The more you think about the freelance model, the simpler and simpler it gets.
If you are a musician or a sculptor or a fine artist, the thought is, you need about 1,000 true fans to make a living at your chosen craft. To live large, you need maybe 10,000.
If you aspire to open a restaurant, you will need a surrounding population of at least 50,000 people, and then convince 2,000 of them to eat at your place. Over and over again. (And, you will need about a half-million in cash to even get in the game.)
If you want to launch an iPad killer, you’ll need to wow a few million paying customers, minimum. And you have to lure them away from Apple.
But to carve out a living doing what you do — whether it’s illustrating, writing content, coding, InformationArchitecting, project managing, making logos, coaching, or taking pictures — all you need is, get this, ten true fans.
And by true fans I mean people who regularly use what you do. People who have already paid you money. People who, when they need what you offer, automatically call you, and no one else. People who, when asked “Hey, do you know a good ____?” they will tell people about you, without thinking.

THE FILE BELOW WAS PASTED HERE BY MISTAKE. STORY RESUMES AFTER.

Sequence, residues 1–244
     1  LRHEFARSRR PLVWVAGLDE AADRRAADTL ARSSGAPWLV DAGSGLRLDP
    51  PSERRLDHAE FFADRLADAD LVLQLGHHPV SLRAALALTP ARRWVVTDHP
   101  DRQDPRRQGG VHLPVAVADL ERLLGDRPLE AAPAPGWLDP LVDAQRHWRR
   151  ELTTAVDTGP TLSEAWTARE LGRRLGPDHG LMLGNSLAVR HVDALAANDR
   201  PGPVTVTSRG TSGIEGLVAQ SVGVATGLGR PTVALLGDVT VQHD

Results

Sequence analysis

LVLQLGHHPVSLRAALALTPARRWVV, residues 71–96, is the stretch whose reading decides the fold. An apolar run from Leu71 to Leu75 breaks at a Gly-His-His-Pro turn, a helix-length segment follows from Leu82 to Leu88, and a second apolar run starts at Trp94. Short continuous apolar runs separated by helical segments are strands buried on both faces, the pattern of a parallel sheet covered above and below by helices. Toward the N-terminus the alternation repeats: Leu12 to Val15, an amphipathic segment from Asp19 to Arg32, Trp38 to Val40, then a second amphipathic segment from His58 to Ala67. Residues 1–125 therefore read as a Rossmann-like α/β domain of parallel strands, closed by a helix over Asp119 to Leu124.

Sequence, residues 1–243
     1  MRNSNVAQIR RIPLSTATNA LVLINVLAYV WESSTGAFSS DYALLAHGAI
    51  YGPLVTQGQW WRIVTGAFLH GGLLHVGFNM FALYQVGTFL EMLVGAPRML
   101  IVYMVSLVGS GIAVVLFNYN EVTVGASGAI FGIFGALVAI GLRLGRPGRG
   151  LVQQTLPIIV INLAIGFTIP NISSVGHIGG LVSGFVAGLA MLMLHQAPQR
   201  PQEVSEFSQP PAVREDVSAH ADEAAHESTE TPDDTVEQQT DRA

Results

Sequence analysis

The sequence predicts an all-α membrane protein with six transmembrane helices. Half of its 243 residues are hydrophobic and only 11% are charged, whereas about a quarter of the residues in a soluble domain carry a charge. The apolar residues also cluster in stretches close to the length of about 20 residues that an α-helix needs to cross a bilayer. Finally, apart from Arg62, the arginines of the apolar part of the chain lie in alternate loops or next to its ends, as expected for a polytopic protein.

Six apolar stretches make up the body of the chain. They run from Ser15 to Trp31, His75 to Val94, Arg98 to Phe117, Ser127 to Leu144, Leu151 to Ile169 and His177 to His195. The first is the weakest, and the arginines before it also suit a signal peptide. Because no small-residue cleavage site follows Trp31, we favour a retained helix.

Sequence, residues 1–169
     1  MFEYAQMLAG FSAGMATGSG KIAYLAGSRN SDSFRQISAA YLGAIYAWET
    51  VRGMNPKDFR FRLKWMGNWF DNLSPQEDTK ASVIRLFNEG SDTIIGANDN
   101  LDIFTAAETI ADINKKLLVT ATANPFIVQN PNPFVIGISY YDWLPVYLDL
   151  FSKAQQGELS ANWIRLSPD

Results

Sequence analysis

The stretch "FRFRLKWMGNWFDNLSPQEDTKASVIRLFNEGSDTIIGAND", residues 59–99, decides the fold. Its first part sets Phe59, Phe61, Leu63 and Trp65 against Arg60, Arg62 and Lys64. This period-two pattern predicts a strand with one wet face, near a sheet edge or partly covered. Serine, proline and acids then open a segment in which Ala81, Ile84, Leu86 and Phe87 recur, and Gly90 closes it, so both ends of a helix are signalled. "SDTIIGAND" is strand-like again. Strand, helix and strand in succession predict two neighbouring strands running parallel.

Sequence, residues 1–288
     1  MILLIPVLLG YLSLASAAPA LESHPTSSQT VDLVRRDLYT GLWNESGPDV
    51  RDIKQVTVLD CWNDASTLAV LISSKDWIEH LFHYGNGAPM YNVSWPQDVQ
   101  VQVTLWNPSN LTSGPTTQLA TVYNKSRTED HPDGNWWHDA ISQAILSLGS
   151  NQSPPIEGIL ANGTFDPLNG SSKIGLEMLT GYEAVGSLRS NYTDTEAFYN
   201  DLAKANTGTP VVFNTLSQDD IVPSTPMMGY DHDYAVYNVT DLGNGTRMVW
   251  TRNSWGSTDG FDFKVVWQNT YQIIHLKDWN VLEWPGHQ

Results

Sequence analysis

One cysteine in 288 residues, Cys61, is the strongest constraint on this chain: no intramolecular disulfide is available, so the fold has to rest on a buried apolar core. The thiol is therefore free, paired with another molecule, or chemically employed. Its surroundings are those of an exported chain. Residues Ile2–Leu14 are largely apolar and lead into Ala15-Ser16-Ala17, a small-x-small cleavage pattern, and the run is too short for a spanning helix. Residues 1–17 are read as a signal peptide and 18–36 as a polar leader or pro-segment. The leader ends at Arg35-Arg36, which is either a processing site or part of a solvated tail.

With ten people like that, you are okay. Maybe not rich. But you are alive, well, and solvent and not selling your soul to the company.
You don’t need to be famous. You don’t need to show up number 3 in Google. You don’t need 5092 followers on Twitter and 664 contacts on LinkedIn. You don’t need to be profiled in Wired.
You need just ten true fans. In the real world.
Ten living, breathing human beings who think you’re swell.
Fact is, as my freelancer friends and I realized over a few beers one night, none of us ever had more than 10 true fans at one time. Ever. Even when we were raking in the cash like autumn leaves, it wasn’t because we had ninety-two clients. The huge money always came from a relatively small circle of paying, avid fans. Always, always.
Better still, once you get your head around ten true fans, everything clarifies. Your daily task gets simpler. You can shed a lot of bullshit, and lose excuses. You have focus.
You no longer have to worry about ‘the economy’, or ‘the industry.’ Or the 89,422 other people on Google who do what you do. You are not working in the vastness of the universe. You are serving your ten true fans.
When you sit down at the desk on Monday morning, all you have to think about is your people. How are they doing? What do they need?’ It’s your personal micro-economy. Not the economy.
Ten true fans.
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